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Longstanding puzzle about beta decay solved

Image: Andy Sproles, Oak Ridge National Laboratory, U.S. Department of Energy

Beta decay



An international collaboration including contributions from TU Darmstadt and the ExtreMe Matter Institute (EMMI) at GSI solved a 50-year-old puzzle that explains why beta decays of atomic nuclei are slower than what is expected based on the beta decay of free neutrons. The findings, published in the scientific journal Nature Physics, fill a long-standing gap in our understanding of beta decay, an important process in nuclear physics applications and in the synthesis of heavy elements in stars.

Beta decay is the main decay channel of atomic nuclei: a conversion of a neutron inside the nucleus into a proton (or vice-versa), which produces a different element with proton number plus (or minus) one. In this way beta decay plays a central role in the synthesis of new elements in our universe. As an interplay of the strong force that binds neutrons and protons inside the nucleus and the weak interaction, beta decay also holds important clues for physics beyond the Standard Model and has been the focus of concentrated efforts in physics since the early 1900s.

However, a puzzle has withstood a first-principle understanding: the beta decay of neutrons bound within nuclei are significantly slower than what would be expected on the basis of decay times of free neutrons. In the past, this systematic discrepancy was taken care of by implementing a constant called ‘quenching’. This workaround was able to reconcile observed beta-decay rates of neutrons inside and outside the nucleus and realigned theoretical models with experimental measurements.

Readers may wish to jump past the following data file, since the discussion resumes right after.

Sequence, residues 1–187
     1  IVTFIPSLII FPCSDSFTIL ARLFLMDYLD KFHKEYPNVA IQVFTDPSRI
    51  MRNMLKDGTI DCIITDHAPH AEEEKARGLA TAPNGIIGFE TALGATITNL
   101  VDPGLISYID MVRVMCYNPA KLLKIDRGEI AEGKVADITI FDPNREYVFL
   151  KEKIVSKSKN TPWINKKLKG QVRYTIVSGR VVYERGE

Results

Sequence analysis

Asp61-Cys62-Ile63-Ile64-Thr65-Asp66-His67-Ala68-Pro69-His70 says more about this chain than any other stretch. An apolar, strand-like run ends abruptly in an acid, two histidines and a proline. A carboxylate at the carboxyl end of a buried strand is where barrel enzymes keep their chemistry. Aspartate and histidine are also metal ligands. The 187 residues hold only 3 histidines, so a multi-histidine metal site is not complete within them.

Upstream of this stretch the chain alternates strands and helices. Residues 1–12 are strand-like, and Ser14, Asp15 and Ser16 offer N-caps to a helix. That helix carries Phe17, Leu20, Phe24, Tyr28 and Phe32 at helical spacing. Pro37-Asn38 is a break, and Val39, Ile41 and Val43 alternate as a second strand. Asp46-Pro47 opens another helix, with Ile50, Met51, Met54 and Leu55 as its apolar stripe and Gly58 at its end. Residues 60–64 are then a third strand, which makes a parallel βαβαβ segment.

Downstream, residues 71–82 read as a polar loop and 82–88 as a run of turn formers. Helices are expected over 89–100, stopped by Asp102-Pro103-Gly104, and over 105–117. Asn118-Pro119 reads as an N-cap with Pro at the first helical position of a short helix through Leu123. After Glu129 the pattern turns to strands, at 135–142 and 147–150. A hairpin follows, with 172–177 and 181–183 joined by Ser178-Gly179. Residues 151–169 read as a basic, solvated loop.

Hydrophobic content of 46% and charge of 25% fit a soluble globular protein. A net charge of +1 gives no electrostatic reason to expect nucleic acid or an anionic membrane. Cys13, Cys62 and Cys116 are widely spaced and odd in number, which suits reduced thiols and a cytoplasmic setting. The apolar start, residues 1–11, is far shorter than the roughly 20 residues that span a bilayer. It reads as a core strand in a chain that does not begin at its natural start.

“For a long time, we have lacked a fundamental understanding of nuclear beta decay,” said EMMI professor Achim Schwenk from TU Darmstadt, who is part of the collaboration. “In complex microscopic computations we now demonstrated for the first time that strong correlations in the nucleus as well as the strong interaction with another neutron or proton slow down beta decay inside the nucleus. Such interaction effects are predicted in effective field theories of the strong and weak interactions.”

To demonstrate this, the theoretical physicists systematically calculated beta decays for a variety of light and medium-mass nuclei, starting from a nucleus with only three nucleons up to tin-100 with 50 protons and 50 neutrons. The beta decay of tin-100 was first observed at GSI in the year 2012. The results of the collaboration were in very good agreement with experimental data and demonstrate that the quenching factor is not needed when both the strong and weak interaction effects are considered consistently.

The advances in taking the weak interaction with single neutrons and protons to large atomic nuclei have been made possible by theoretical developments of effective field theory, as well as by great progress in many-body theory and powerful supercomputing capabilities.

In addition to a better understanding of beta decays for the synthesis of heavy elements in supernovae and neutron star mergers, the researchers also hope to gain new insights into double-beta decays, in particular neutrino-less double-beta decay, where an analogous quenching puzzle exists. (cp)

Further information:

Beta decay
Graphical representation of the beta decay of a neutron (red) into a proton (blue), which can interact with another proton (blue next to it) in the nucleus. These two-particle effects as well as strong correlations in the atomic nucleus lead to slower beta decays than would be expected from the decay of a single (free) neutron.
Image: Andy Sproles, Oak Ridge National Laboratory, U.S. Department of Energy